1. Haha, that’s a good method you have there. 🙂 My not so good method is to hit the send/reply button, cringe internally as I think, “what the hell have I done?” and immediately close the app so I don’t see the notifications section if someone responds. It helps to turn off the app notifications so I don’t get the number thing on the app icon, which forces me to actually open the app itself if I want to see what responses I got.

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      2. Lol, I close the app as well! Even if I’m only going to click back on and avoid the comments area. Ah, I’ve mastered the art of ignoring notifications. My phone always has a long line of them. Occasionally, I read the preview and then leave them for ages until I accidentally click on them. I used to turn off app notifications but then I’d find myself constantly checking anyway because I was anxious that I’d wake up to something terrible the next day.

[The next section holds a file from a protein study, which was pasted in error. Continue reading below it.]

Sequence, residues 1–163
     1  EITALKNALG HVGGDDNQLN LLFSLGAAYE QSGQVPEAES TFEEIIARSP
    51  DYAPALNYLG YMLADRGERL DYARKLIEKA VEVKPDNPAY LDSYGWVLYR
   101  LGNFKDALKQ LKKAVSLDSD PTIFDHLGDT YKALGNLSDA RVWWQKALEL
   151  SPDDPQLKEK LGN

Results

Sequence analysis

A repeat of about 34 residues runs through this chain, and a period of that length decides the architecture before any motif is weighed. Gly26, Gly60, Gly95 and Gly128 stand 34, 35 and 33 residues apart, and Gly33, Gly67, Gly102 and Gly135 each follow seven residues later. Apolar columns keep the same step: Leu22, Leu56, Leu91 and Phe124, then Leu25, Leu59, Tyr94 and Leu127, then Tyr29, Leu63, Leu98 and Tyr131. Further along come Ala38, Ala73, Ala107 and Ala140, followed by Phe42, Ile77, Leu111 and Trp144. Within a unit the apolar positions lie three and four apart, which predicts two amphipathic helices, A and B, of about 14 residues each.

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      3. I remember one time I read the preview of a comment someone left on one of my posts. It said something vague like, “I can’t believe you…” and the preview ended there, but I legitimately freaked out thinking someone had left me an angry comment about whatever I had written on the blog. I opened the app to look at the whole comment and it wasn’t remotely negative. Lol the things my mind does to me…

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      4. Lol! Oh gosh, I hate when that happens! I’m the kind of person that reacts instantly when I feel attacked but I’m also someone who needs to read through something two to three times because often I see one line and my mind runs with it and concocts something terrible. Even if the words weren’t in the comment. The number of times I’ve written a full on angry reply only to reread it and go, ‘wait…This comment doesn’t warrant this kind of response’ is truly ridiculous. Haha.